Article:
27. Las Barrancas solar village (Mexico). This project is a part of the bigger project entitled “Sonntlan” which is one of the several projects developed by the Government of Mexico and the Federal Republic of Germany. It consists in an integrated use of solar energy for providing desalinated water, electricity, ice and cold space to the Pacific community of fishermen of Los Barrancas village in the Northwest of Mexico. The objectives of the project are: (a) to demonstrate the benefits from the use of solar energy; (b) to evaluate the performance and reliablility of the installed equipment in real working conditions; (c) to analyse the technical, social and economic feasibility of the solar system for replication in other parts of Mexico, and (d) to improve the living standards of the rural inhabitants.

The integral solar system installed in the village consists of a “service area in which solar and wind energy are transformed into useable forms...” The radiant solar energy is transformed into thermal energy by means of flat-plate collectors and photovoltaic cells. The flat-plate collectors heat water which is used to produce ice which is then used to preserve sea products during transport. Hot water is also used for heating brine in a multi-stage flash seawater desalination plant and in a fish-processing plant. The electric energy generated by the photovoltaic cells is normally used for driving motors in the absorption type refrigeration unit. A photovoltaic generator also provides energy for a radiotelephone system which links the village with the national telephone network.22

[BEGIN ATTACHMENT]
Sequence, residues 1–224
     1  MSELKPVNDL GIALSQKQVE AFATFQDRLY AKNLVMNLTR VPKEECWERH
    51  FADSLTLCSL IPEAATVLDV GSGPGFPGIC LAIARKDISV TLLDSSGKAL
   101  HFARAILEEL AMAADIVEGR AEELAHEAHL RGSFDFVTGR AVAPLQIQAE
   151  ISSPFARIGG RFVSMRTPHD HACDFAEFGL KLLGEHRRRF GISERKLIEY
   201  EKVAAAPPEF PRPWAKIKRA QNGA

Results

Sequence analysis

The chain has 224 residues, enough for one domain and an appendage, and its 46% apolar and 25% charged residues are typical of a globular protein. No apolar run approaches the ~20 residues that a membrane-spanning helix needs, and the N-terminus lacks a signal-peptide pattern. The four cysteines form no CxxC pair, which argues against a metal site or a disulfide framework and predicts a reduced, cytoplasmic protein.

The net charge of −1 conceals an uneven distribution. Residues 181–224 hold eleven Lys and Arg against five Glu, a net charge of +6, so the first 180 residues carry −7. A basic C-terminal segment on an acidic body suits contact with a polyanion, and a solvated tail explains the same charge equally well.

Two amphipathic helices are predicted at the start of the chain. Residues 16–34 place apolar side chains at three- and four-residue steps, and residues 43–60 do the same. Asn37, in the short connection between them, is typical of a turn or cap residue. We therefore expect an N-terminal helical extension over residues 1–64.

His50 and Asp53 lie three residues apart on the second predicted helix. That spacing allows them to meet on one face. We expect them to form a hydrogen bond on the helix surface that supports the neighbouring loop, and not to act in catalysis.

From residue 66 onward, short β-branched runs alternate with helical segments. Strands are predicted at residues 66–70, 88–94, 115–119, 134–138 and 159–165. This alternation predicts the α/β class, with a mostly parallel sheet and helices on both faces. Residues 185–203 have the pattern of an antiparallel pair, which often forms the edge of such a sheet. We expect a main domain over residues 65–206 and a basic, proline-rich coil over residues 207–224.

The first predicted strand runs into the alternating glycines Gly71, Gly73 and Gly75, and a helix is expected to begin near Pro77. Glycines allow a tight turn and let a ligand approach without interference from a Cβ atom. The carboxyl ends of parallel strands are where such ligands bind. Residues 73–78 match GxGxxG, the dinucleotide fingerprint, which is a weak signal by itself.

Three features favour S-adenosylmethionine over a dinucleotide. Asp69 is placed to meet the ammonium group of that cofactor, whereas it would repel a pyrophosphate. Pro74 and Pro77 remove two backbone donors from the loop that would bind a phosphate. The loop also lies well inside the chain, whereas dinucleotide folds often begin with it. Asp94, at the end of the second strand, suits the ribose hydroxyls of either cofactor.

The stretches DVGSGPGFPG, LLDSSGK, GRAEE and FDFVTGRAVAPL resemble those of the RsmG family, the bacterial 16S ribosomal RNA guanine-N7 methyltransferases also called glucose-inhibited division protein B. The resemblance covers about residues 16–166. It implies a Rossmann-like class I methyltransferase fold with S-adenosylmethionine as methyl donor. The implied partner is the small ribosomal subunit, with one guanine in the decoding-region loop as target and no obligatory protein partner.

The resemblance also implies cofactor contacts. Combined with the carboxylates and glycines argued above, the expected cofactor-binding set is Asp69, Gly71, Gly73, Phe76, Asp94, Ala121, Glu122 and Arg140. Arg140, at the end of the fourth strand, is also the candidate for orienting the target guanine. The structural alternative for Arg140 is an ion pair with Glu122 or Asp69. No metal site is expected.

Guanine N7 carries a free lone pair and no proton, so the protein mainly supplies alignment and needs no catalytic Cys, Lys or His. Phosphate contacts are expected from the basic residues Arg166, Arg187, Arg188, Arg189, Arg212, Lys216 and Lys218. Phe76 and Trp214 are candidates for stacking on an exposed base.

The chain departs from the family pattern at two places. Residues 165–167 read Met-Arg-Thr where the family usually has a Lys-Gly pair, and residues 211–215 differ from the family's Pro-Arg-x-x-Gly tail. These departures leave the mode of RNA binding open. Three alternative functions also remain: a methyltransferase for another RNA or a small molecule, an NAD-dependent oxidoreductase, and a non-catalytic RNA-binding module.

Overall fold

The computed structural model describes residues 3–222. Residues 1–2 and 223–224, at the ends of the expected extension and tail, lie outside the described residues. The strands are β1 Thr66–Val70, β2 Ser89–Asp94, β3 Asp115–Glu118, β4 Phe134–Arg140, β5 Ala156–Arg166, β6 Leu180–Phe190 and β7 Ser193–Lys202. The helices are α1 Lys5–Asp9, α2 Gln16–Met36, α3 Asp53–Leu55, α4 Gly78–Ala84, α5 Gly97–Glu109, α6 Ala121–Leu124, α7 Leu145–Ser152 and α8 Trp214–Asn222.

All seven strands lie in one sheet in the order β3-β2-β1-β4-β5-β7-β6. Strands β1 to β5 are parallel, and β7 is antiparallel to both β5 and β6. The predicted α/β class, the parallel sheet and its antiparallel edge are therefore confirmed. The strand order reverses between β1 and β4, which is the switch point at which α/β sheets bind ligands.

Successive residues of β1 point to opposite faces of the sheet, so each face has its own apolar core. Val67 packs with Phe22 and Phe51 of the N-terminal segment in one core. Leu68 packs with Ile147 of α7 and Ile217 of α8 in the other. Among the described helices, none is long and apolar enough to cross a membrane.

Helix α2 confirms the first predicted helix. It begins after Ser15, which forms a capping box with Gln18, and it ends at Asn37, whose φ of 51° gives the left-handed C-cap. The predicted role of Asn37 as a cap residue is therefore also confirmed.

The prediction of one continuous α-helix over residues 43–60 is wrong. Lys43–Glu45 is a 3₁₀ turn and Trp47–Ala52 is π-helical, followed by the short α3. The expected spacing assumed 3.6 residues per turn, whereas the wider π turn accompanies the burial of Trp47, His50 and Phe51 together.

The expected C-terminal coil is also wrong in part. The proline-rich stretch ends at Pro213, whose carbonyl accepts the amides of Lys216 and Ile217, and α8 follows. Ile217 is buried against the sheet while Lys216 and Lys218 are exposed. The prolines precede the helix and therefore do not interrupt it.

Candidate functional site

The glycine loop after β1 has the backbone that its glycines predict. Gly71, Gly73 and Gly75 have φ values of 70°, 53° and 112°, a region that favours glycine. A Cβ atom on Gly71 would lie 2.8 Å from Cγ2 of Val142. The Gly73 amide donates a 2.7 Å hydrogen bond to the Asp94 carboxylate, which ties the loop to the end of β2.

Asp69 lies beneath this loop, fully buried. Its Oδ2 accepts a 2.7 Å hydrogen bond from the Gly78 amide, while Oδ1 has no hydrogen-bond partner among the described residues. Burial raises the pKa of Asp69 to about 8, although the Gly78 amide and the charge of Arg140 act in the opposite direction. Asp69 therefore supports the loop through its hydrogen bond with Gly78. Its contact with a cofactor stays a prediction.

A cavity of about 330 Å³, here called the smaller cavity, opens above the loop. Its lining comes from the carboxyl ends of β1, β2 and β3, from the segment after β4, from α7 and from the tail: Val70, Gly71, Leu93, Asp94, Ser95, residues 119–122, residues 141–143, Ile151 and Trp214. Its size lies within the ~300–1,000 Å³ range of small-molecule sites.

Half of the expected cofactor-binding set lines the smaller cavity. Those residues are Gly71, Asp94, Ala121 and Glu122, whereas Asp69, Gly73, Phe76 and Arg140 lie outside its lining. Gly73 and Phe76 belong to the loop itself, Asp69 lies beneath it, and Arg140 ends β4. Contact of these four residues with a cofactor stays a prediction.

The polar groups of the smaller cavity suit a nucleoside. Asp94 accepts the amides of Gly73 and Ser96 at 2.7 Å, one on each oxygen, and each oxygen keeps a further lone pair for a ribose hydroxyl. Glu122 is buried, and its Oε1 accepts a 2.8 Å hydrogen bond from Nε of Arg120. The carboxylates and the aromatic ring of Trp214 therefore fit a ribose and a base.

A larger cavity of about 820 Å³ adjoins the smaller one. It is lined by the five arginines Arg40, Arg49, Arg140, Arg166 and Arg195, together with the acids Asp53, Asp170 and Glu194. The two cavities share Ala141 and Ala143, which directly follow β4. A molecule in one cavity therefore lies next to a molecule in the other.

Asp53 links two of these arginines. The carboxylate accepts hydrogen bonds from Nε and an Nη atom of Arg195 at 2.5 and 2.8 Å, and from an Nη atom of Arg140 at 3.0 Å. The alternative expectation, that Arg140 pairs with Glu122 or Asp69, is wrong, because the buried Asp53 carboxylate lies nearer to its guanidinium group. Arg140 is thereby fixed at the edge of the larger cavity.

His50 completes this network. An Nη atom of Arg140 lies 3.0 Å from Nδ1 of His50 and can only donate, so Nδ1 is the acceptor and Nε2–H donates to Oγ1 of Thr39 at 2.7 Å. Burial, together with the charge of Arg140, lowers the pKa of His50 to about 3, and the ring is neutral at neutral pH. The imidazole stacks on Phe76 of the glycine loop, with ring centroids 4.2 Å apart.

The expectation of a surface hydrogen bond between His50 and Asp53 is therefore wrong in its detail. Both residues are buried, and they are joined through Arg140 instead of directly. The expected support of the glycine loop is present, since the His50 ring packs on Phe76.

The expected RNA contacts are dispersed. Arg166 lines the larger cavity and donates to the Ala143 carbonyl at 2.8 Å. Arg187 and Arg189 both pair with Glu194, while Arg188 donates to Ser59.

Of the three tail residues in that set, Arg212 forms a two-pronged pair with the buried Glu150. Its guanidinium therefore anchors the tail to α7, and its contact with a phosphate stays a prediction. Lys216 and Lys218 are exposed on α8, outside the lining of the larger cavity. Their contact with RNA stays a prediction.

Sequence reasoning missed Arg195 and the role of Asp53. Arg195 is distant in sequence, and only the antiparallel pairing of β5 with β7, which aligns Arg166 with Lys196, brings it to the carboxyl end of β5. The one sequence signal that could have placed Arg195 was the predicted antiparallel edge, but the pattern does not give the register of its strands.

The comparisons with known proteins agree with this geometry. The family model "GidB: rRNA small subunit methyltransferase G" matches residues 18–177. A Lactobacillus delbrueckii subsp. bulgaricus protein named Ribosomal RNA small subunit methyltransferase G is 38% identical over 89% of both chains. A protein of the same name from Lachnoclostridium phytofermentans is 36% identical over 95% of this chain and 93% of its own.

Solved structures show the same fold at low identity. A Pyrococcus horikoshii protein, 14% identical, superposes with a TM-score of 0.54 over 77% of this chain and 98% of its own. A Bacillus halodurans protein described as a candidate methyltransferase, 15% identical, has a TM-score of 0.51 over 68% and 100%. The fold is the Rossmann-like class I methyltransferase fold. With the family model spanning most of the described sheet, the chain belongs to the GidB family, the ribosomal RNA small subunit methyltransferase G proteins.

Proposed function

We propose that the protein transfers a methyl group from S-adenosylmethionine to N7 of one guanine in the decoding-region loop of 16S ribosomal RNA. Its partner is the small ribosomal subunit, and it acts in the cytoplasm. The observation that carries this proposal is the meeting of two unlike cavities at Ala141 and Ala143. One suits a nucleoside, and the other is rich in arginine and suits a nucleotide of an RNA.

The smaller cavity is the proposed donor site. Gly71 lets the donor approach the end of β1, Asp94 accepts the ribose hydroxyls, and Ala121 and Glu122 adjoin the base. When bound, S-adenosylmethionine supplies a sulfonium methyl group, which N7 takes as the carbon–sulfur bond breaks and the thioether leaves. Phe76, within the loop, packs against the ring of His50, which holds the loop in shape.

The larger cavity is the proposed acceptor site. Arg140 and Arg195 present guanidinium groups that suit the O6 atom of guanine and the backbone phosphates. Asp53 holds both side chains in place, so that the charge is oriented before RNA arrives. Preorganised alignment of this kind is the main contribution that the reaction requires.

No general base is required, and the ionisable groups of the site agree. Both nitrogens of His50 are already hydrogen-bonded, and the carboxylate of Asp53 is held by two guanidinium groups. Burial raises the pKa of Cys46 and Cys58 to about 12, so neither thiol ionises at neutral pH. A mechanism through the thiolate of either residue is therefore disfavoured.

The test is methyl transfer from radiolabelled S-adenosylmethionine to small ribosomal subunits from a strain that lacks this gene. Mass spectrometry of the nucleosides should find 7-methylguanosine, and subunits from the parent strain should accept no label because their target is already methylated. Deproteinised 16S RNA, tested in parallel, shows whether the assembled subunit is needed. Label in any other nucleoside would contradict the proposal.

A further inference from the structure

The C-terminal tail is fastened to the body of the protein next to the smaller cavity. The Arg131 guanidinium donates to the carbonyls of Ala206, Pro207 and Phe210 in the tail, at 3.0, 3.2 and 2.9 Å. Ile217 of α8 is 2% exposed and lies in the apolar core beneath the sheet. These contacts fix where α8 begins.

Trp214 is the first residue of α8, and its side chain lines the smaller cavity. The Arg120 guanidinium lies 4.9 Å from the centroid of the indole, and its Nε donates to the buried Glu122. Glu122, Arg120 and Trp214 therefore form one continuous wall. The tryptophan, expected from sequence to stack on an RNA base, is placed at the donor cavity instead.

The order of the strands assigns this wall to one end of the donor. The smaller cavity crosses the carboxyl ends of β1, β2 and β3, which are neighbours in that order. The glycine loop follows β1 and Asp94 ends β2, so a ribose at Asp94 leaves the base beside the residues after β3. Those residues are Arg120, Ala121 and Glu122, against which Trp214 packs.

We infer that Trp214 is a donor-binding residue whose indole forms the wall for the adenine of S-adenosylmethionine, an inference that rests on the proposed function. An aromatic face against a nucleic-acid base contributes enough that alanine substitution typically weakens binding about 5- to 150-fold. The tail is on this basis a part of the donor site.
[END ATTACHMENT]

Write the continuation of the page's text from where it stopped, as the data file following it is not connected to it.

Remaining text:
28. Photovoltaic power supply to Schuchuli village (United States). A 3.5 kWp, 120 voH photovoltaic array was installed in a Papago Indian reservation in southern Arizona. The 100 inhabitants are provided with electric power for water pumping, lighting, refrigeration, services and village housekeeping. Direct current (DC) systems are used to reduce losses, costs and the additional complexities of DC/AC converters. A battery of 2,380 amp-hr capacity is incorporated to provide power at night. The control system includes automatic switches to disconnect part of the solar array to prevent overcharging of the batteries and automatic load shedding to prevent excessive discharging of the batteries.23

29. Solar-power TV sets (Niger). In 1968, an experimental solar panel was installed near Niamey to power the education TX sets at a nearby school. It is reported that by 1973, about 800 students in 22 classes were receiving instructions through solar-powered television sets. It is forecast that by 1985, over 80 per cent of the population would be covered by solar-powered educational programmes.